Organisations and firms around the worlds are making last minute preparations for Earth Day on 22nd April 2011, when individuals and groups will come together to try and enact a “billion acts of green”.
Over in the USA, The Dow Chemical Company will host Bill Ginn, Chief Conservation Officer of The Nature Conservancy, at its headquarters in Midland, Michigan, for a presentation on the social and economic value of nature. The talk will take place on 20th April 2011.
Dow’s vice president of Sustainability and EH&S, Neil Hawkins said:
“Every Spring, right around Earth Day, we are reminded of the beauty of our planet. It’s a great time to think about our own personal commitments to protecting it.”
California will see AES Electronics Recycling, Inc., host a Free Electronic Recycling Event at the city of Fullerton. Part of the i Care Festival, residents will be able to take old computers and mobile phones along and keep the technology out of landfill.
The event takes place on Saturday 23rd April from 09:00 (PDT) to 13:00 (PDT) at 800 North State College Boulevard, Fullerton (Dorothy and State College Boulevard parking lot).
The Chief Executive Officer of AES Electronics Recycling, Mario Zuniga, said:
“We are excited more organizations are getting involved with Earth Week. Recycling electronics is key to keeping our ground water clean from hazardous waste like mercury.”
In Illinois, Governor Patrick Quinn has already been to see a Walgreens drugstore in Oak Park that features a geothermal energy system. The system, which went live when the store opened last October, has reduced the store’s expected energy usage by 60 percent.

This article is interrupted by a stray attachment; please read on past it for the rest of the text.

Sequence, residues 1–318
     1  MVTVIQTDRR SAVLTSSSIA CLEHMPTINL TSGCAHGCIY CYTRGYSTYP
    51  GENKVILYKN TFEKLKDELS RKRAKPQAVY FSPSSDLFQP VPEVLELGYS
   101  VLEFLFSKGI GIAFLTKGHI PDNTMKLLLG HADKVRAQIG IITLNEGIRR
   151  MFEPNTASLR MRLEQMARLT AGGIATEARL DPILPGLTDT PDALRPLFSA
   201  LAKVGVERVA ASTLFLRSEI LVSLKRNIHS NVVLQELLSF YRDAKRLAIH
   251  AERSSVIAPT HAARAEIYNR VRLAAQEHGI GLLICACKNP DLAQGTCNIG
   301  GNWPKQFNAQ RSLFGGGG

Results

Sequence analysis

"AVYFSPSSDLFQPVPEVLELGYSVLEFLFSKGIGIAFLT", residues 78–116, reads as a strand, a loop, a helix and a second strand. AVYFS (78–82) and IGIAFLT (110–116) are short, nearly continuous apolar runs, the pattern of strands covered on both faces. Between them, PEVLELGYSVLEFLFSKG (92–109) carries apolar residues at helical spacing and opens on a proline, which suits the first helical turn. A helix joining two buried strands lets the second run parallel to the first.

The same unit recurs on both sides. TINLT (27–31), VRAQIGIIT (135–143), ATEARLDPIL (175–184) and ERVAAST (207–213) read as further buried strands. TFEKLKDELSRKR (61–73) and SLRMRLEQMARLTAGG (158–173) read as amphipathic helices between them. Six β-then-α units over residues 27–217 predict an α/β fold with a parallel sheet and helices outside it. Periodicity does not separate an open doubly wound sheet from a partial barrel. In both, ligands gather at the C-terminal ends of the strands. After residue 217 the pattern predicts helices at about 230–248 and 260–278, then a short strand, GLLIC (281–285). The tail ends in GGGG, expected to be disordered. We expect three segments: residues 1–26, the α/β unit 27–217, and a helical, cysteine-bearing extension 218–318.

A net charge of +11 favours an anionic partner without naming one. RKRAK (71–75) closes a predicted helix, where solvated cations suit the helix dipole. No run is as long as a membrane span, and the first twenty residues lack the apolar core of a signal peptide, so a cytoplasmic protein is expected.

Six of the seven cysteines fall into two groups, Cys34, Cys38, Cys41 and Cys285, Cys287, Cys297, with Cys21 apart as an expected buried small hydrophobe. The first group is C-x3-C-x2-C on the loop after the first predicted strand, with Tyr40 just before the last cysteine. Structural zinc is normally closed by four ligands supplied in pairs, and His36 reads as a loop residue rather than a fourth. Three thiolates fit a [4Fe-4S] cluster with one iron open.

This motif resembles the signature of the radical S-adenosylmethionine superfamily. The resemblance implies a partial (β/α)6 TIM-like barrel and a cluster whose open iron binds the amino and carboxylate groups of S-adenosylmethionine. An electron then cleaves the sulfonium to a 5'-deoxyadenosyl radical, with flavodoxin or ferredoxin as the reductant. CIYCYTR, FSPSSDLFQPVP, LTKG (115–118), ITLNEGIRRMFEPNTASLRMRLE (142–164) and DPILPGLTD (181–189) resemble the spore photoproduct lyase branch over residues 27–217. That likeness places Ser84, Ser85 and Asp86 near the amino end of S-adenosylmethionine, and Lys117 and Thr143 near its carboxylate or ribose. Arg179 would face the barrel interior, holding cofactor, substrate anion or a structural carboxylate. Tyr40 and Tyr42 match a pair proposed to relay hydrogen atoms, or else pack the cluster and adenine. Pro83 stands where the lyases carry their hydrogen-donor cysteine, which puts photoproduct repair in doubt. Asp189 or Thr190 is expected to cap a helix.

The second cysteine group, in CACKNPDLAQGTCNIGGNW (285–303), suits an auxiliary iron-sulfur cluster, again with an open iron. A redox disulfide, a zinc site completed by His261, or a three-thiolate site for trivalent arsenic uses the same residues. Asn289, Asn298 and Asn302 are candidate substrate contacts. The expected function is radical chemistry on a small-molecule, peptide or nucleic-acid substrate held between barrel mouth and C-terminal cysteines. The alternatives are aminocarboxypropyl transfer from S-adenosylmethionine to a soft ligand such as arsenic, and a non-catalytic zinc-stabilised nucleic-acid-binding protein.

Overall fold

The Governor proudly stated:
“Walgreens has shown that it is smart for businesses to think green. By making our businesses, homes and public buildings more sustainable, we are creating jobs, reducing energy costs and ensuring a cleaner and greener future for Illinois.”
Walgreens had help from Indie Energy to install a geothermal system which harnesses the warmth of the earth deep underground through a network of four 200m deep closed-loop boreholes, and a heat exchange system with the building, controlled by Indie Energy EnergyLoopTM technology.
A water-based heat transfer liquid exchanges heating and cooling energy with the earth, which provides a constant temperature of 55 degrees Fahrenheit. Inside the store, the geothermal heat pump and refrigeration systems pull heating energy from the fluid, or reject heat to the fluid to cool. The EnergyLoopTM system monitors and optimizes this exchange in real-time to provide the maximum energy efficiency.
Walgreens President and CEO Greg Wasson commented:
“This type of system makes a lot of sense here in the Midwest. The ability to heat to room-temperature from 55 degrees rather than from 10 degrees, or cool it from 98 degrees, is saving a lot of energy.”
The store also features a Level 2 electric vehicle charging station, which can add up to 25 miles of range per hour of charge. Working with 350Green, Walgreens plans to install charging stations at about 30 additional Chicago-area stores.